Some Hope In The “Audacity” Of Russia’s Human Rights Struggle?

July 1, 2009

This post from The Weekly Standard presents a letter written by a number conservative “fellow travelers” urging President Obama to “focus on democracy and human rights when meeting with Russian President Dmitry Medvedev next week.”

I have to admit that it’s hard to find fault with such a gesture, but I must tell you that when I see anything in written form attributed to the likes of Max Boot, Robert Kagan and Danielle Pletka, among others of that ilk, the hair on the back of my neck instinctively stands up.

Also, I performed a cursory Google search to find out if these people made any such entreaties of Obama’s predecessor, and I could not locate anything (not saying it couldn’t have happened, only that it’s unlikely).

And speaking of Number 43, let’s review his own record on this score, which is decidedly mixed, at best.

This tells us that Dubya gave a speech in advance of a meeting with former president (now prime minister) Vladimir Putin about two years ago, in which he proclaimed that Democratic reforms in that country were “derailed” (another master-of-the-obvious moment). However, as noted here (from about that same time)…

The Bush administration’s proposed 2008 budget calls for drastic cuts in its support for civil society and human rights in Russia. The 2008 budget reduces funding for civil society programs by 52 percent (from US$28.7 million to US$13.8 million) and human rights programs by 44 percent (from US$1,497,000 to US$832,000).

“US support for civil society in Russia has never been more important,” said (Holly) Cartner (Europe and Central Asia director at Human Rights Watch). “The proposed cuts would generate trivial savings for the US, but it would be devastating to Russian civil society struggling for its survival.”

Rampant human rights abuses in Chechnya are another serious concern that should be at the top of Bush’s agenda next week. Torture by government forces, including pro-Moscow Chechen forces under the leadership of Chechen president Ramzan Kadyrov, is widespread and systematic. Enforced disappearances continue, with human rights groups estimating that between 3,000 and 5,000 people “disappeared” since the most recent conflict in Chechnya began in 1999.

In the last year, Russia has seen a rise in racism and xenophobia, encouraged at least in part by the racist rhetoric and policies of politicians. Just this month, police arrested more than 40 people following what they called coordinated attacks on minorities from the Caucasus and Central Asia. In October and November, the Russian government expelled more than 2,500 ethnic Georgians from Russia following a political row with the Georgian government. In August, residents of the northwestern Karelia Republic perpetrated a string of attacks against ethnic minorities in retaliation for the killing of two Russians by Chechens after a restaurant brawl.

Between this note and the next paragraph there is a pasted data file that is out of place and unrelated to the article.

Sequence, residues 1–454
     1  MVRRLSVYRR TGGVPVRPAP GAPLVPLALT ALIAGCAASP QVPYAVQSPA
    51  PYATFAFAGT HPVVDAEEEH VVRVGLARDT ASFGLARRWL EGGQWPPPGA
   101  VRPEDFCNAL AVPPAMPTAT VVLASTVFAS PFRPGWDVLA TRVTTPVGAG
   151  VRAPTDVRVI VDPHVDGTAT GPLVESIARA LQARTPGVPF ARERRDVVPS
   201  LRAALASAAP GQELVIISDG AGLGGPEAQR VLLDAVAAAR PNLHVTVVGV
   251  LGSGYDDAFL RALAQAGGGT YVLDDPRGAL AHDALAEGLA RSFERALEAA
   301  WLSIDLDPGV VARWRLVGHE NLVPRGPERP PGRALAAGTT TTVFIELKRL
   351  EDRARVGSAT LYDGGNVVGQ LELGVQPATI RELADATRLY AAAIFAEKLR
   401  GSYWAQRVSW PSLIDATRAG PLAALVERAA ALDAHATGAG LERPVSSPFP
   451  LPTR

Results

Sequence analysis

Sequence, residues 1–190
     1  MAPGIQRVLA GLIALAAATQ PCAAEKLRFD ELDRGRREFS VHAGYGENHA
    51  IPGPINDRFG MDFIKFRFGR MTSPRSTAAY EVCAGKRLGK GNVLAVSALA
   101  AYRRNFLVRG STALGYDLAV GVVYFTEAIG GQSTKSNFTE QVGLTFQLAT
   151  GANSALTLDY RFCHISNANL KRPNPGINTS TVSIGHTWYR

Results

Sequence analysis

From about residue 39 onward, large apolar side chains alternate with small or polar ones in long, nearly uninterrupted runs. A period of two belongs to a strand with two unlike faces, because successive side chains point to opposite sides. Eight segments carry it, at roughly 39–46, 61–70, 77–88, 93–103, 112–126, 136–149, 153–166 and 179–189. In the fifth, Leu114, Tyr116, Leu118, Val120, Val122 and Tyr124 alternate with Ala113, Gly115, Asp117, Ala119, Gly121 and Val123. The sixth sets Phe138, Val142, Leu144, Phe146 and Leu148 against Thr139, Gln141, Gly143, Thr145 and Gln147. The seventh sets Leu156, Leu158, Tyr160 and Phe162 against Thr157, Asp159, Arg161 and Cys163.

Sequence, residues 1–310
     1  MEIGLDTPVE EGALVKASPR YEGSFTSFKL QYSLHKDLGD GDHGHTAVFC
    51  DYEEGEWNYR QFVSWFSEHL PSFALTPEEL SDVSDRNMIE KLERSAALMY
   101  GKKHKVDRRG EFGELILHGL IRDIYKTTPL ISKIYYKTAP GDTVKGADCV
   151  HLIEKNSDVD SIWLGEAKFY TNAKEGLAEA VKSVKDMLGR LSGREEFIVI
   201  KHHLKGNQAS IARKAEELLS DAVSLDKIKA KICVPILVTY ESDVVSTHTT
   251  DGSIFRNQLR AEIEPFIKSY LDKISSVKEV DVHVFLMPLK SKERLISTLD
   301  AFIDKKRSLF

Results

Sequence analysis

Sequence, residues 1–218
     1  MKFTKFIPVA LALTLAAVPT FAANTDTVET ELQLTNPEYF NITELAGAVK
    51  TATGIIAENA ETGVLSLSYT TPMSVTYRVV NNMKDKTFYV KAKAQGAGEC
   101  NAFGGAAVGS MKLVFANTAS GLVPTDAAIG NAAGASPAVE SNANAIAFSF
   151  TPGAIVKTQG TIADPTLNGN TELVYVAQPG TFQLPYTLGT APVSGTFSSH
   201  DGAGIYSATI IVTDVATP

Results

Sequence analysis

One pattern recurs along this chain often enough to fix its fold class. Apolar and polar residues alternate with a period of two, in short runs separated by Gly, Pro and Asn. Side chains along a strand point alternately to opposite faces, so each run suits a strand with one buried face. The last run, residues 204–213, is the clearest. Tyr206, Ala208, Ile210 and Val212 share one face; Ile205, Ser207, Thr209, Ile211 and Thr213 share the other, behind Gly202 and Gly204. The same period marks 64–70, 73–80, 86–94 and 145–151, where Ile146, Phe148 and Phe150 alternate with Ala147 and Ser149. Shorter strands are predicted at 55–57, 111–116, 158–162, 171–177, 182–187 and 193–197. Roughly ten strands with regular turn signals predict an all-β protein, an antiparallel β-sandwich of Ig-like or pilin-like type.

And this tells us of what I personally would consider three developments that, to one degree or another, gave Russia the “green light” to invade Georgia last year (one was our silence in response to the murders of Russian journalists including Anna Politkovskaya; the first item in this post tells us that, though four individuals not directly responsible for her death were acquitted, their case will be retried – such is the murkiness of the case that her friends and family were satisfied with that verdict and wished to go after those directly responsible instead, but now the retrial will make that more difficult).

I’m not sure that, given our economic uncertainty and the commitments Obama faces that he inherited from Former President Highest Disapproval Rating In Gallup Poll History, he can persuade President Medvedev to initiate the reforms that Putin chose not to pursue. The signs noted here, though, are promising, and maybe Obama can find a way to build upon that, something that eluded both leaders’ predecessors.

(On an unrelated note, I should mention that, with the exception of a video or two, this will probably be the last post for a little while, at least through the holiday weekend; this will be happening sporadically through July, and there will be no posting at all for the week of the 13th.)

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